Come canoe and ride horses. $100,000
BEAUTIFUL MLS#440266 3/2 Custom brick home on
almost 2 acres. 2,332 SF. Enough rm in master for office
or sitting area. Lots of extras! $274,900
RESTFUL HOME!- MLS#448725 Enjoyable atmosphere
only minutes from Interstate & town. Over 2,200SF.
Many upgrades throughout. Don't miss seeing this one.
Call today! $194,900
HIGH & DRY! MLS# 428488 5.63 acres for you to build
your dream home! Surrounded by gorgeous homes.
Large pole barn. Homes only.
RIVERFRONT! MLS# 448594 Gorgeous riverfront
property has it all! Sits on 37 acres & offers great views
from every angle!. Custom hm w/ granite counters,
hardwood firs & more! $1,350,000
ALL BRICK BEAUTY! MLS# 441380 Just under 4 years
new, this 4 BR/2 BA home in Settlers Ridge offers a huge
estate lot, 3 car side entry garage, formal LR & DR, eat in
kitchen and more! $294,900
GREAT LAND! MLS# 448623 Eighty acres ready to be
developed and built on. Owner will divide into smaller
parcels from 2.5 acres and up. Price will vary according
to size of tract. $880,000






THE BAKER COUNTY PRESS, Thursday, January 1, 2009 Page 13

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Copyr Materia

Sy dicated Content r

ile rom Commercial News Pi
~-_- "-. -.*

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Rachel Yarborough

)viders" MastersfromSt.Leos
Rachel Kathryn Yarborough of
Macclenny recently was awarded
-- a master's degree in educational
-- leadership from St. Leo's Col-
- lege. She is the daughter of Odis,
.* and Kathy Yarborough, also of
Rachel is a 1999 graduate of
** -' -,- Baker County High School and
- -. -* is employed at. the PreK/K Cen-
* - ter in Macclenny.

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40 .
ob CM. o

-- 41 -- -

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4m,- 4

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AutoCrafters Collision Repair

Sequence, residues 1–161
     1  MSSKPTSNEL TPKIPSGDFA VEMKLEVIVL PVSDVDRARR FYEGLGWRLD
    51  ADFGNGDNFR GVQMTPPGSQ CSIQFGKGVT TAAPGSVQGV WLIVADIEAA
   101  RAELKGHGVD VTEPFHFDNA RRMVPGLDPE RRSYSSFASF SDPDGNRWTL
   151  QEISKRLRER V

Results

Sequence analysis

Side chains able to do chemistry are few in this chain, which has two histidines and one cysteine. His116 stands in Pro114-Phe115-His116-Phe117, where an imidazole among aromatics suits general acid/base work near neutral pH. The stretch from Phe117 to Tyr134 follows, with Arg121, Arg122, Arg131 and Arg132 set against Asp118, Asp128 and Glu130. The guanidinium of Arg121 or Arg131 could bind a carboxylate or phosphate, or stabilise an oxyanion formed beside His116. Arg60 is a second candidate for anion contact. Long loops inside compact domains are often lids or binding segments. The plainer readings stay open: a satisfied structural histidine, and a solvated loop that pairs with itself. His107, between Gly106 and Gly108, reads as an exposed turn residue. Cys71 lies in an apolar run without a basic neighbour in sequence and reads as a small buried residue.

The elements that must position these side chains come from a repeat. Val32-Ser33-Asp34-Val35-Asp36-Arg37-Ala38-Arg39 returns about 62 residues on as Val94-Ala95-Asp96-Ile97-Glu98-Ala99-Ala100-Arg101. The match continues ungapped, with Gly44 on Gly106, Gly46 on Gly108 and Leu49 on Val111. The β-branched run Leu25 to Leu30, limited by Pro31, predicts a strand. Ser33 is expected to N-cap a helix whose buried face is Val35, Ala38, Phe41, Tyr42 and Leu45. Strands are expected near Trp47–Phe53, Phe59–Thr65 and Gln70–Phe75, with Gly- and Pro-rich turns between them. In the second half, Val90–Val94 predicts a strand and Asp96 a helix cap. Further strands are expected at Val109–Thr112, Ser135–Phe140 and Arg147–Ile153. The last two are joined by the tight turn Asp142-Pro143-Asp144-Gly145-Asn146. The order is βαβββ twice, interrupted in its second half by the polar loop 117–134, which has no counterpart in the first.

180 S. Lowder St., Macclenny

Lifetime Warranty on all repairs
0, 10 Locations thru out Florida
"Free Computeried' Estimates
:* tate of the art equipment
We are a Direct Repair Provider for most
Major Insurance Companies
S I-Car and ASE Certified

Let Us Be Your
Collision Repair Specialist

Public Notice

The Courthouse, Property
Appraiser, Tax Collector,
Supervisor of Elections,
Building & Zoning Department
and Administration Offices
will be CLOSED
Thursday, December 25th,
Friday, December 26th and

-Thursday, January 1 |s

SHappy Holidays!







Complete site & underground
uilihty ronilractor
We sell
Fill dirt starting at $100 per load
Slaa rock
and Clearing Ponds Demolition

Air conditioner.; Heal pumps
Major appliances*
-J Imur 7 day emergency service'
Call Vince Farnesi
1 i,1

All tvpes of pest Cron rol
Call Eston, Shannonr or Bill
Ask about our fire antr crintrol

"We can lower ,our electric bill
/lakes home cooler in the summer
and warmer in the winter
you'll feel the difference immediately
Free estimate and demonstration

Black & White Color Copies,
SEPTIC SYSTEMS Custom Business Forms.
One Call Does It All Business Cards, Signs Stickers
Ronrnie Sapp and so much more'!"
259-6934 The Ohice Mart
H_ 71.103 i. i., ;hi 110 South Fifth Sireel
A,. , i. i I, R.IM. ,-I : 259-3737

Mowrn. edging, multching,.
clean-up) sodding, removal
and replacement
Sprinkler repairs
Free estimates

Prole.-i.un l painting
PressuLJre wahrn,;
Interior elerior
Residential commercial
Fully in. iurjed Loc.illiv owned
25 ,v ar- e.rerienc:

Spri- ler S,.slen
Residenbal and LComn
Installations and Re
Free Estimates
Family Owned and Op

"1 _:

Fill dirt Millings -
Land clearing Fish ponds
Cultivating Bush hog
Reioiiller w.'iracior
Roads built
Housesibuildings demo
ingrl:und pools, demoi
904-445-8836 days
904-653-2493 evenings
'. r.9:
2'and4 wells
Call Roger or Roger DaIle
Lis: ed & rinEured,